• The Diagnosis: If it has been over 1-2 years since the vehicle was driven, it’s basically guaranteed this is the source of your oil pressure issues. If it’s been more than a month since you drove the car but less than a year, check the color of the oil. Old oil will be milky, hazy, and thick.
    • Cost to Repair: An oil change shouldn’t run more than $50-60. If you do the change yourself, you’ll save about $40.

Replace your oil pump.

  1. Damaged oil pum
    The oil pump is responsible for pushing the oil through the filter, into the engine, and back through the filter. Without the pump firing, that oil will just sit still, which is basically the same as not having oil flow through part of your engine. See a mechanic to have them swap your busted pump out for a new one.[3]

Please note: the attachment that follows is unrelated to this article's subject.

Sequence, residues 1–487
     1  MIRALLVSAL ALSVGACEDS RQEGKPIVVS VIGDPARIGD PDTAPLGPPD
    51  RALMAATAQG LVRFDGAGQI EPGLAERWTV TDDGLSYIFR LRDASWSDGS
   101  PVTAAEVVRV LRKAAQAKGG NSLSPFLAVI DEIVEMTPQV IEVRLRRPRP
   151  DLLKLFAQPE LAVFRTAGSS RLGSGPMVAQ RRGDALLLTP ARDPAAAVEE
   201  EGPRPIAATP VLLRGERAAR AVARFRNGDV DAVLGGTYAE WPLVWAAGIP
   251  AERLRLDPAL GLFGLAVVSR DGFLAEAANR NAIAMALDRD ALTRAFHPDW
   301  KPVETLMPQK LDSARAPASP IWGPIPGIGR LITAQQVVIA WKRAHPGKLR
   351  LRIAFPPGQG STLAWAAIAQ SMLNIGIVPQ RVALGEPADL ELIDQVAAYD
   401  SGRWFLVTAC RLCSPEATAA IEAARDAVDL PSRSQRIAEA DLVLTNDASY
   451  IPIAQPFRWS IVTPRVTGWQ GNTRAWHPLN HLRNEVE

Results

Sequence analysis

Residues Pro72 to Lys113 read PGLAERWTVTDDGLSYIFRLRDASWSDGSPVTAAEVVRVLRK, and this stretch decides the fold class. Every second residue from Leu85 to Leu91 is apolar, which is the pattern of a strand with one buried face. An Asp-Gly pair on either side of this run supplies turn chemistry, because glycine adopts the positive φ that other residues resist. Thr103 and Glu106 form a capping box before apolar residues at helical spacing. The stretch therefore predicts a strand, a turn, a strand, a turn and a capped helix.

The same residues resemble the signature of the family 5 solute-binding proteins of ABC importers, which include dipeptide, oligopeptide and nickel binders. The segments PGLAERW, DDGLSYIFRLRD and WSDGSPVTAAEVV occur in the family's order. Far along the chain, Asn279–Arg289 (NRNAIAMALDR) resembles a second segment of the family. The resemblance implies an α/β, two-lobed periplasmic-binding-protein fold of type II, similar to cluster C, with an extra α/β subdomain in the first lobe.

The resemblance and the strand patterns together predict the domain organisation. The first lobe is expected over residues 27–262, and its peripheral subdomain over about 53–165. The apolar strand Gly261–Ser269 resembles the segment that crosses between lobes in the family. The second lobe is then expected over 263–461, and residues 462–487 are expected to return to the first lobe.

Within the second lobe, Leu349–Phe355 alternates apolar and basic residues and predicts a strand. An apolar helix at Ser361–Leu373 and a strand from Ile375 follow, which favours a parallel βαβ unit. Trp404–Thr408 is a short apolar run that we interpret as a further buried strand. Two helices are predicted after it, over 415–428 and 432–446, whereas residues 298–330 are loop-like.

• The Diagnosis: The pump is likely the culprit if your engine oil levels aren’t low or you’ve refilled it recently but you still notice overheating. The car may make grinding noises and your oil pressure light is likely to go off.
    • Cost to Repair: This can range from $400-800 depending on how tough the pump is to access and what kind of car you drive.
  2. Advertisement

Get your pressure sensor repaired.

  1. This involves some complex electrical work, so see a mechanic to have this sensor repaired and calibrated properly. The oil pressure sensor (or sending unit) is responsible for monitoring the flow of oil in your engine. When the levels are low or the oil pressure drops, the sensor is supposed to send a signal to your vehicle’s main computer that there’s an issue. But if the sensor dies, your engine’s control module will just assume the oil is low.[4]
    • The Diagnosis: If you keep seeing a “check engine oil” warning light but you’ve inspected everything and there’s nothing wrong with the oil or oil level, it’s likely the sensor. Your check engine light may come on as well alongside the oil light.
    • Cost to Repair: Expect to spend $100-400 depending on where your sensor is located and how hard it is to install.